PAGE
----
William Rees Rush MOH

b. 19/09/1857 Philadelphia, Pennsylvania. d. 02/08/1940 Pallanza, Italy.

DATE OF MOH ACTION: 21/04/1914 Veracruz, Mexico.

William R Rush MOH

William Rees Rush was born in Philadelphia, Pennsylvania, on September 19, 1857. He took the oath of office as a midshipman on June 6, 1872, graduated from the United States Naval Academy on June 20, 1877, and was commissioned ensign on October 15, 1881. Between that time and the outbreak of the Spanish–American War in April 1898, Rush served in the gunboats USS Nantucket and USS Bennington, the protected cruiser USS Boston, and the research ship USS Albatross. He also received instruction in ordnance at the Washington Navy Yard in Washington, D.C., worked in the Navy Hydrographic Office, completed the course of instruction at the Naval Torpedo Station at Newport, Rhode Island, and attended the Naval War College at Newport.

During the Spanish–American War in 1898, Rush served as a turret division commander in the armored cruiser USS Brooklyn, the flagship of Rear Admiral Winfield S. Schley’s Flying Squadron during blockade operations off Cienfuegos, Cuba, and participated in the Battle of Santiago de Cuba on July 3, 1898.

Detached from Brooklyn in October 1899, Rush went to sea in the battleship USS Massachusetts (BB-2) as executive officer. He later commanded the gunboat USS Marietta and served as executive officer in the protected cruiser USS Albany.

In the ensuing years, Rush again alternated tours of duty afloat with assignments ashore. He served at the Boston Navy Yard in Boston, Massachusetts, in the equipment department and at the Naval War College and travelled to the Philippines where he became captain of Cavite Navy Yard in February 1906. In June 1907, he assumed command of the gunboat USS Wilmington, the first of a series of successive sea commands that included Ranger, battleships USS Missouri (BB-11) and USS Connecticut (BB-18), troop transport USS Hancock (AP-3), armored cruiser USS Washington (ACR-11), and battleship USS Florida (BB-30), and the First Division of the United States Fleet.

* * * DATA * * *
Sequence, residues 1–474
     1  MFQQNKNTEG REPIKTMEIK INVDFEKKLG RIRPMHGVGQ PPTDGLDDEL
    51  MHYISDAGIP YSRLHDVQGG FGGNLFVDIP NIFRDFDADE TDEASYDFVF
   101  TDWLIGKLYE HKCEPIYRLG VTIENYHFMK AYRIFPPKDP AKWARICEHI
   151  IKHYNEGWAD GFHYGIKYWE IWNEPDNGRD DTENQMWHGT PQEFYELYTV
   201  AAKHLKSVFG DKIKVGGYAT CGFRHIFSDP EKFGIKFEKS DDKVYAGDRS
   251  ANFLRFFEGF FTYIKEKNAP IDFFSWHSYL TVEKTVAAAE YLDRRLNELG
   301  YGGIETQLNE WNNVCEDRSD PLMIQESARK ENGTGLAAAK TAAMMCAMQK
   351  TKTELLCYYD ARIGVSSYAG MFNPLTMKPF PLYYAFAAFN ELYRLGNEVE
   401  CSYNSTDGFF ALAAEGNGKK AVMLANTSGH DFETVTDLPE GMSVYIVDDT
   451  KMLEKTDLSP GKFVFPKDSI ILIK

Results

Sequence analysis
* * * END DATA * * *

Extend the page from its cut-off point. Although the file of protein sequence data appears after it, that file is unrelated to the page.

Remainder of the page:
While commanding Florida, Rush was given command of the landing party at Veracruz, Mexico. The landings there on 21 April 1914, were at the height of a diplomatic crisis between Mexico and the United States. Rush and his men met heavy resistance, Rush was wounded in the early fighting, but continued to direct the efforts of his brigade.

For his conduct during the Veracruz landings, Captain Rush received the Medal of Honor. His citation took note of the fact that he was required to be at points of great danger in directing the officers and men of the brigade and that in doing so he exhibited “conspicuous courage, coolness, and skill.” “His responsibilities were great,” the citation continued, “and he met them in a manner worthy of commendation.”

Rush took command of the Boston Navy Yard on November 6, 1914, a post he held until he requested retirement on October 9, 1916. With the onset of World War I in April 1917, however, Rush was recalled to active duty and was awarded the Navy Cross for “exceptionally meritorious services in a duty of great responsibility” as commandant of the Boston Navy Yard during World War I.

Relieved of all active duty on July 25, 1919, Rush subsequently lived in retirement in Italy. He died at Pallanza, Italy, on October 2, 1940.



For distinguished conduct in battle, engagements of Vera Cruz, 21-22 April 1914. In command of the naval brigade, Capt. Rush was in both days’ fighting and almost continually under fire from soon after landing, about noon on the 21st, until we were in possession of the city, about noon of the 22d. His duties required him to be at points of great danger in directing his officers and men, and he exhibited conspicuous courage, coolness and skill in his conduct of the fighting. Upon his courage and skill depended in great measure success or failure. His responsibilities were great, and he met them in a manner worthy of commendation.